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Refining a layout with temporary dimensions

From: Revit Architecture 2013 Essential Training

Video: Refining a layout with temporary dimensions

A very important basic concept to understand in Revit is the way that precision is approached. In Revit what you typically do is you place objects in a general location and then you refine the placement of those objects over time. So I call this sketch and then modify. So in this movie we are going to talk about temporary dimensions and temporary dimensions is a process that we use to take our roughly-placed objects and modify their positions to a more precise location. So what I have here on screen is a file called Temporary Dims and this is just a copy of the completed grid layout from the previous movie.

Refining a layout with temporary dimensions

A very important basic concept to understand in Revit is the way that precision is approached. In Revit what you typically do is you place objects in a general location and then you refine the placement of those objects over time. So I call this sketch and then modify. So in this movie we are going to talk about temporary dimensions and temporary dimensions is a process that we use to take our roughly-placed objects and modify their positions to a more precise location. So what I have here on screen is a file called Temporary Dims and this is just a copy of the completed grid layout from the previous movie.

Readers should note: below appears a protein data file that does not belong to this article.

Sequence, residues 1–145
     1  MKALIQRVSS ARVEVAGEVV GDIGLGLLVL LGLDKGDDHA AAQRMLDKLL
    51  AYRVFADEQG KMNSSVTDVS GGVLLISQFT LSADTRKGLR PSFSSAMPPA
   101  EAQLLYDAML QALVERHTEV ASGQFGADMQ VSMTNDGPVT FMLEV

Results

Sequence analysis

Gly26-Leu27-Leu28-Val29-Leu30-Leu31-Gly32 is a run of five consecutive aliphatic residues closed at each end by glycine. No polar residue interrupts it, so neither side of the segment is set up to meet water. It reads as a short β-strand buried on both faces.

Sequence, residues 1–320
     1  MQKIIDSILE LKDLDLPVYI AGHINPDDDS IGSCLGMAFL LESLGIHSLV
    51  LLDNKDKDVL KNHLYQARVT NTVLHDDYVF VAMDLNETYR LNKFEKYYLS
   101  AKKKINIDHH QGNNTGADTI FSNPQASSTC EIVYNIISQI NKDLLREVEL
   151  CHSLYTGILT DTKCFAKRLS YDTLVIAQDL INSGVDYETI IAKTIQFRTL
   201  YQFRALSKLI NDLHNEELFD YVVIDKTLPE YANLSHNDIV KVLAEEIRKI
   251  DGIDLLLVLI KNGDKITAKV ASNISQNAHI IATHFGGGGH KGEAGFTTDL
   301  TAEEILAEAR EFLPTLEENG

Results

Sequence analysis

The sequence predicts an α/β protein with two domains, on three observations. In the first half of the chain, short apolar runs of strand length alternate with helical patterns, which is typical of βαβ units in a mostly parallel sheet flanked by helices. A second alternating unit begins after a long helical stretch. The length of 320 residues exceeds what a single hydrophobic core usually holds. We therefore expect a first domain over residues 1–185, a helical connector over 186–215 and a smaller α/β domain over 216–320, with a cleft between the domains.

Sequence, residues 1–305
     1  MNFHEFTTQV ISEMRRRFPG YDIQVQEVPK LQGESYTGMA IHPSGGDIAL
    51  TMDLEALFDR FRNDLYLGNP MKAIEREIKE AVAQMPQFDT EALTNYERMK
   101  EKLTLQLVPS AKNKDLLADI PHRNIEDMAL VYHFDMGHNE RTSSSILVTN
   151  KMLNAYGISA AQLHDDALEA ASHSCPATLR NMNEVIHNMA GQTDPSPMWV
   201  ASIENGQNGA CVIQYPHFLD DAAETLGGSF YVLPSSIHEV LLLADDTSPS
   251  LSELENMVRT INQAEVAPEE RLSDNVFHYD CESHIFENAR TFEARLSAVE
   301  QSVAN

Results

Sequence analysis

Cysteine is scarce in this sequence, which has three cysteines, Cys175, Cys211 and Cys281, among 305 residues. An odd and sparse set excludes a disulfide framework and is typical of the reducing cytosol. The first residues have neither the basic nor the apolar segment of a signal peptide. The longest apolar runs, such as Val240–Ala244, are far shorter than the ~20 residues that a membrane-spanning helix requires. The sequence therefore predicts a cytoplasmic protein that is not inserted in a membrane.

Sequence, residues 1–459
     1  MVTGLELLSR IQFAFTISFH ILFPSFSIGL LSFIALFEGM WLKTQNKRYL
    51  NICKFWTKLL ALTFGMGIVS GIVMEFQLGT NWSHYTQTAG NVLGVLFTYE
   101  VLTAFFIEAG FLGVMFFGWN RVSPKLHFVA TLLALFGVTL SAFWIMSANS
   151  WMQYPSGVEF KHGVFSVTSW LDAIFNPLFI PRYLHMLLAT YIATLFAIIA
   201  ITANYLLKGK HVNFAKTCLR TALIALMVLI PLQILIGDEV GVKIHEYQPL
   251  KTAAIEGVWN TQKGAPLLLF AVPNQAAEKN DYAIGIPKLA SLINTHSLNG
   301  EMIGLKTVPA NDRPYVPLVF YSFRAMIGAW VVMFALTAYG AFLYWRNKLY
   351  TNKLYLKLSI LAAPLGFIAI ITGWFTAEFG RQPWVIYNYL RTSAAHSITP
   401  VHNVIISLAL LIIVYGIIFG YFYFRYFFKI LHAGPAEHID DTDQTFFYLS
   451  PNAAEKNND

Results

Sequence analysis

The grids here have been placed in rough locations, but I want to start controlling these grids in a very precise way. I want the measurement of the grid lines to the face of the walls to be controlled very precisely for example. And I can do that in a variety of ways in Revit and the first way that I want to share with you is using temporary dimensions. So I am going to start by selecting grid line A. What you'll see is on screen here, in addition to all the other little controls and grips that appear, you'll see a couple of dimension strings appear here and here.

I am going to zoom in slightly, just to get a better look at this, and you'll see that the dimension number is here and it's got kind of a long, random fractional number to it, and a second dimension is here. You'll see these little blue dots, showing me the Witness Line locations of these dimensions and what they're measured to. In both cases, on the left and right, they're measured from the grid line and then back to the center of the wall. That's the default behavior. So if I know what this value is, if I know how far off the wall I want this distance to be, all I have to do is click in that dimension and make the change.

Now this exterior wall is a generic 12- inch wall, you can see it there when I highlight the tooltip, that means that if I want this grid line to be 2 inches off the inside face of that wall I could do the math and I could say, well, half of the distance of the wall is 6 inches plus the 2 inches so I could click right here and I could put in a value of 8 inches. Now the way that you put in inches in a Revit project is to either do 8 inches or I'll show you a second way in a few moments here. And I am going to press Enter and you'll see that we'll move that grid line over closer to the wall to maintain that distance.

Now I am going to select this grid line and I want to do a similar modification, but perhaps I don't want to perform the math this time, maybe I don't want to do the calculation. What I can do instead is using these little small circles here I can actually click those grips and they will jump to other points on the wall. When I click it, it jumps to the inside face, if I click it again it goes to the outside face, and then one more time it's back to center. I want to do it from the inside face so I'll click it again, and now the current distance is 3 feet, I click on there, and this time I want it to be just 2 inches.